This was published under the 2010 to 2015 Conservative and Liberal Democrat coalition government
The Ministry of Defence Police (MDP) mentoring team has left Afghanistan for the last time.
The MDP has had a continuous presence in Helmand province since January 2008, sending more than 200 officers from across its ranks to train and develop the Afghan National Police (ANP) Force.
Now, with the Afghans having taken the lead for delivering training to their own recruits, the MDP is stepping back.
Police mentor Melvin Goudie, who had previously worked in Kosovo and Iraq before completing three 6-month tours in Afghanistan, said:
It’s been an amazing change. When I think back, 2008 and 2009 were extremely kinetic years.
We were forward with our military colleagues in places like Sangin, and we were volunteers, so those MDP guys out there deserve a lot of credit for establishing a functional policing service. It wasn’t perfect, but something which could go forward.
MDP officers worked alongside military colleagues, often away in forward locations such as Lashkar Gah, Babaji and Kandahar, to jointly engage in training and mentoring the ANP.
Mr Goudie said:
The Ministry of Defence approached our Chief Constable in 2007 because there was a need to move from a purely military mission to a policing and military mission.
The mission has been constant but at the start we were very hands on; we were training and looking after the district chiefs of police and their deputies. We were running the courses and delivering their training programmes. It then gradually reduced to a mentoring and monitoring role.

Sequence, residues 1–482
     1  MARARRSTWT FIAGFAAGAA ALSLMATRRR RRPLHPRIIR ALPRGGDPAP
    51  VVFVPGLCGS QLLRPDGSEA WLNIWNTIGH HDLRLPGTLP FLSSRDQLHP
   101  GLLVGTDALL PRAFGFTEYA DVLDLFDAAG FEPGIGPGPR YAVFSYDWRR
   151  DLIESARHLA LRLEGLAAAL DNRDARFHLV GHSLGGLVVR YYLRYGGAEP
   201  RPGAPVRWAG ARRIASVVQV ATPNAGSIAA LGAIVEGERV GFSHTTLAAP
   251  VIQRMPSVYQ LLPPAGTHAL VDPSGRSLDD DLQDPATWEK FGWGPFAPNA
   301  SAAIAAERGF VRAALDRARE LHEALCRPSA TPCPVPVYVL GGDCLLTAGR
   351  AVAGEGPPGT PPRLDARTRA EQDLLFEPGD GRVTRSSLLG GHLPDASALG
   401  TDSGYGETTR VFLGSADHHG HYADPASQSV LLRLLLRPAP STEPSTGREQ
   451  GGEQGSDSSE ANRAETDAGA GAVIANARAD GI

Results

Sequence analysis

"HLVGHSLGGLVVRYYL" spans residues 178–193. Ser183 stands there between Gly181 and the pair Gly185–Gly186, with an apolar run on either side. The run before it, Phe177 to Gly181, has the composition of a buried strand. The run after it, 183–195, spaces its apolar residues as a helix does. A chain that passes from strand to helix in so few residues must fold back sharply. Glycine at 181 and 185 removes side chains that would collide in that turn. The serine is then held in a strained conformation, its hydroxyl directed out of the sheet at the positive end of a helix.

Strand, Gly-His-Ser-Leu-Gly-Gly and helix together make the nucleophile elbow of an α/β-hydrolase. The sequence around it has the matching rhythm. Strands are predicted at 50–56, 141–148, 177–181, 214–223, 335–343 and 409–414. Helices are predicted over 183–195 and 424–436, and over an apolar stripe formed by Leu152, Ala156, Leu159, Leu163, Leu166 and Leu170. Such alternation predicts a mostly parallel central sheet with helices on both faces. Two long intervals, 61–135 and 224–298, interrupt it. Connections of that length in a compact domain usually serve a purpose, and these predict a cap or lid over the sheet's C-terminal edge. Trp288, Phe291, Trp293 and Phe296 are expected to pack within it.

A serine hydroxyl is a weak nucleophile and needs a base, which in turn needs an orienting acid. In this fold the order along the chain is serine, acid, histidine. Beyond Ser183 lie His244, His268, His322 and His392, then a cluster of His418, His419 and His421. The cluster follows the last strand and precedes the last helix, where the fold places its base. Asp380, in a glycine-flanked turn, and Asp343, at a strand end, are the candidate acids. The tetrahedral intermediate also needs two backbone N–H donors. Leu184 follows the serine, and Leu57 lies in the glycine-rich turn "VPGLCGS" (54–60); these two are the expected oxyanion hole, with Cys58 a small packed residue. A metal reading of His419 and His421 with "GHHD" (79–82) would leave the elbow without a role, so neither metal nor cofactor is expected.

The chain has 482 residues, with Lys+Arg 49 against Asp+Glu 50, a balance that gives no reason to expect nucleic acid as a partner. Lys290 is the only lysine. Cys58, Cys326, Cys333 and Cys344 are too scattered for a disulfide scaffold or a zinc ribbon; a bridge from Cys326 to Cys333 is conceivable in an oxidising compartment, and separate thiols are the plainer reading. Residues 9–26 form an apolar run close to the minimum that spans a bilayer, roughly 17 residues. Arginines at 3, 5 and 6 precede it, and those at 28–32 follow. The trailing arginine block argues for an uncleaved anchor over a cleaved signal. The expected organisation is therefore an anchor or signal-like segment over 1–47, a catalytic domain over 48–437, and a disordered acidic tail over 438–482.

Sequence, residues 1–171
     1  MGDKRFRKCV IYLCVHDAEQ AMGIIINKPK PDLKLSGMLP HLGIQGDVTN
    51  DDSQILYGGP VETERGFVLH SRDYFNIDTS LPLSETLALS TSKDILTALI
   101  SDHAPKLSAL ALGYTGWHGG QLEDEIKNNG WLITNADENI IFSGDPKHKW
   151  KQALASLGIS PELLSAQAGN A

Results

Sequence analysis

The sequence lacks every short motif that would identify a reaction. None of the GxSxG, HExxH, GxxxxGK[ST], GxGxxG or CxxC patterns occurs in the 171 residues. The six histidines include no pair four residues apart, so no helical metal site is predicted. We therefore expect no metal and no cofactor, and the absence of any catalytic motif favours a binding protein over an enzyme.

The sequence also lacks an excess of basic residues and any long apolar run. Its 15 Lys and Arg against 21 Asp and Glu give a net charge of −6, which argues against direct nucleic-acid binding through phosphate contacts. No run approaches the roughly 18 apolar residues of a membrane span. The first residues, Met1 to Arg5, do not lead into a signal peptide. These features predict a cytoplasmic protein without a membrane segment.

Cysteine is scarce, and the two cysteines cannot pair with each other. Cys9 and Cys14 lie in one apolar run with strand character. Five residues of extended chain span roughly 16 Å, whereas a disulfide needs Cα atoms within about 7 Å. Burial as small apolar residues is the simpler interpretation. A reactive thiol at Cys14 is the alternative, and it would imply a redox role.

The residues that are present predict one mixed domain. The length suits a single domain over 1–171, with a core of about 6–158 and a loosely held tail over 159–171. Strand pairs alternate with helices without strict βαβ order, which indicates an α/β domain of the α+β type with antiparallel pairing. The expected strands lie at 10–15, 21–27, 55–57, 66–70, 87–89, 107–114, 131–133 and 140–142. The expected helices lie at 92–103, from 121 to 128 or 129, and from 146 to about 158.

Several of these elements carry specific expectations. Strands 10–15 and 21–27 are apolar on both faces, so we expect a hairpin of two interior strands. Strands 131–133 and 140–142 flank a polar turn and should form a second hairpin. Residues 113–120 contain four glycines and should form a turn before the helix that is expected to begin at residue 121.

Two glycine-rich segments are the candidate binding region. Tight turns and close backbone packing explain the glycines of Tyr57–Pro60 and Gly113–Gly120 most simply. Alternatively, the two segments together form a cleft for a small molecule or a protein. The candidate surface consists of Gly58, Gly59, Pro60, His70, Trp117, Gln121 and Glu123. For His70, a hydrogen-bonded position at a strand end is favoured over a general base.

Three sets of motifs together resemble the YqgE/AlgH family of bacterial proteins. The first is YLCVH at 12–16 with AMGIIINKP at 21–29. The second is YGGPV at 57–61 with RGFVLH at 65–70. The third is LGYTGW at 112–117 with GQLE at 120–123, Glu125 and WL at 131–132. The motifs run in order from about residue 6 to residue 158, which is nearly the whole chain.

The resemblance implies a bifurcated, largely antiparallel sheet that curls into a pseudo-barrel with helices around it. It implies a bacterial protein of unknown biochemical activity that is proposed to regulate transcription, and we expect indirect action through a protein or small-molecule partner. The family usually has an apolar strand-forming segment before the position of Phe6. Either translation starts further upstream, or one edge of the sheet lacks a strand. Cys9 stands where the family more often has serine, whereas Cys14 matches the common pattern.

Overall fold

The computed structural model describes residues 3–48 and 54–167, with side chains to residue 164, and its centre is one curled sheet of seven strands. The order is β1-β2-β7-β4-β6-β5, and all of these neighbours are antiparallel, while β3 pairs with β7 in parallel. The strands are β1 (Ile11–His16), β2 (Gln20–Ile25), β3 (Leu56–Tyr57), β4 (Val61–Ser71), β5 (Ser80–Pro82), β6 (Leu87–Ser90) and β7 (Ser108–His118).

A lasting legacy
Last month, police training in central Helmand passed a significant milestone with the opening of a new $11.3 million complex at the Lashkar Gah Training Centre (LTC), complete with new accommodation and training areas.
Since 2009, more than 6,000 Afghan policemen and policewomen of the Afghan Uniform Police and local and border police forces have graduated from the LTC. The training centre offers Afghan-led courses as diverse as counter-improvised explosive device training to first aid and IT skills.
The new complex, funded by the British and Danish governments, enables the Afghan Ministry of Interior to teach further specialist courses and boosts the number of students that can be enrolled.
Mr Goudie said:
Undoubtedly the big legacy is the Lashkar Gah Training Centre. The fact that we took it from being a very decrepit tented village in very old military winter tents to what you can see now, modern, professional facilities, that’s the legacy.